WICHITA, Kan. (AP) — Opponents of a proposed regulation that would allow Kansas Secretary of State Kris Kobach to purge the names of more than 34,000 prospective voters will protest at a public hearing next month, but concede there is little else they can do.
The architect behind some of the nation’s strictest voter ID requirements, Kobach is pushing an administrative rule that would allow him to throw out any incomplete voter registration forms after 90 days, most of which lack proof-of-citizenship documentation such as a birth certificate, passport or naturalization papers. Purging the suspension list, which had 34,454 names as of Wednesday, would leave just 4,202 names.
“It is a common-sense administrative rule,” Kobach said. “There is no existing rule on how long a county must keep an incomplete record in its file. It is a common-sense rule that will save taxpayers money.”
A hearing is set for Sept. 2 over the purge, but Kobach and his opponents agree that, as secretary of state, he has the power to unilaterally change the rules.
“These are just formalities he has to go through before he can do it,” said state Rep. Jim Ward, a Democrat.
Kobach has championed proof-of-citizenship laws as a way to prevent noncitizens from registering to vote, particularly those living unlawfully in the U.S. Critics say that’s extremely rare and such Republican-backed laws hurt voter registration efforts and disenfranchise voters from certain groups that tend to vote Democrat, including minorities and college students.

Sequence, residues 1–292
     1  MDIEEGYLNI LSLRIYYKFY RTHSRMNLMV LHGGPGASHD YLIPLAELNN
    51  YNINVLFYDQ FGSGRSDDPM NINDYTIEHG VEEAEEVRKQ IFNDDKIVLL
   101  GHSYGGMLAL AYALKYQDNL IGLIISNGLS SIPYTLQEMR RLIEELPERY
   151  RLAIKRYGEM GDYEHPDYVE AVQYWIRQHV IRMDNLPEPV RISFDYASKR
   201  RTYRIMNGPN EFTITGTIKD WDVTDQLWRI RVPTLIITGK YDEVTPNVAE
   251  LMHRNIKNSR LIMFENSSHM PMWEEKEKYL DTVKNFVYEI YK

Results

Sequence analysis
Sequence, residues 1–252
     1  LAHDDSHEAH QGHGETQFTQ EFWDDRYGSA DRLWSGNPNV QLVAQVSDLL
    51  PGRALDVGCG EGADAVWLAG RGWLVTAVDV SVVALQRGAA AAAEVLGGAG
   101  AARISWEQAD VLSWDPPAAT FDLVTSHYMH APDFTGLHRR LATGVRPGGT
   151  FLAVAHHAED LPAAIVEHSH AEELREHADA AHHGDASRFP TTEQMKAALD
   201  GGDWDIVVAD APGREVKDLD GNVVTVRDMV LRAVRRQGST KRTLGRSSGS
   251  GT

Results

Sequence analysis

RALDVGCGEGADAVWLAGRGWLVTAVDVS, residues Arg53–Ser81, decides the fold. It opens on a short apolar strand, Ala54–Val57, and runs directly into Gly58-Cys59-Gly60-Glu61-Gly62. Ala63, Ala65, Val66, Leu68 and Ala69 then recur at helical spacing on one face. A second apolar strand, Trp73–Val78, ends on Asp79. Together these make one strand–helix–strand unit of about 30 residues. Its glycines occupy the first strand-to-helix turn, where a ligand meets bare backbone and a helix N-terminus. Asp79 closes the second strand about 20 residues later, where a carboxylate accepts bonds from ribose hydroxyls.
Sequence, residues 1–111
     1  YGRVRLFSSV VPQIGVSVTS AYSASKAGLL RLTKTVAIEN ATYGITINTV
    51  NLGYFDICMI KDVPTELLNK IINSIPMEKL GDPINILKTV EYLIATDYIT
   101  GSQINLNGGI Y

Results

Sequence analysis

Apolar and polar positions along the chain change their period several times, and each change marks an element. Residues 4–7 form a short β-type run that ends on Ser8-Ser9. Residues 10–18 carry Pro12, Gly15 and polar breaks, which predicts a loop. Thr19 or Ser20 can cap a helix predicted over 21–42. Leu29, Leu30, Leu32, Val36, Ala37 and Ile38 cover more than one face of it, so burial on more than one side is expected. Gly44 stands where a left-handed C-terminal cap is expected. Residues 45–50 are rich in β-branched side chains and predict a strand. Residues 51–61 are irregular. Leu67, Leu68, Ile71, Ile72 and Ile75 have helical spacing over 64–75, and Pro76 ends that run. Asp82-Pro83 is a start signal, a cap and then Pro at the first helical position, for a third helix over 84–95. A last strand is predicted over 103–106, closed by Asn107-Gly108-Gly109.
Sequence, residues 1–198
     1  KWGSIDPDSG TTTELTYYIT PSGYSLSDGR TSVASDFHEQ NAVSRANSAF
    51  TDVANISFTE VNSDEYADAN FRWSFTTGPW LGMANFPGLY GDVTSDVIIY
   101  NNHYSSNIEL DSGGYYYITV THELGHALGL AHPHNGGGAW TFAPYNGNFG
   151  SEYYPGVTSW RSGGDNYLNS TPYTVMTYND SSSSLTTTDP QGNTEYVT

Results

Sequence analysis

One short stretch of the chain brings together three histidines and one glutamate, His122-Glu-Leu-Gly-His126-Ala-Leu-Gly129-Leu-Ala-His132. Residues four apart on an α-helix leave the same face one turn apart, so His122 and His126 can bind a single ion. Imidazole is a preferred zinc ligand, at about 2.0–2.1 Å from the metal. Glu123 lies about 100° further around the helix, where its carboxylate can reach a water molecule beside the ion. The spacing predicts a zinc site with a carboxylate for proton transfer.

Democrats will discuss what they can do about voter ID laws at their annual state convention, which started Friday in Wichita. Many voting rights advocates, Ward included, see Kobach’s latest proposal as an effort to avoid media scrutiny and criticism, and say the high number of people on the suspended list shows that Kobach is not making a good faith effort to get these people registered.
“It is all about political cover, OK,” Ward said. “But there is a public hearing and I know there are groups and individuals going to that public meeting to express their opposition.”
Kobach contended opponents are making “a ridiculous partisan argument” claiming voter disenfranchisement, because a person whose incomplete voter registration application is thrown out after 90 days could fill out a new registration card and provide the necessary citizenship documentation. He also argued the 90-day window is more generous than in places like Georgia and Arizona, which have similar proof-of-citizenship requirements.
A breakdown of the suspense list shows that the vast majority — 19,595 prospective voters — claim no party affiliation. Another 7,782 are trying to register as Republicans, 6,078 as Democrats. The remainder includes a small number of Libertarian voters and voters who left that that blank on the form.
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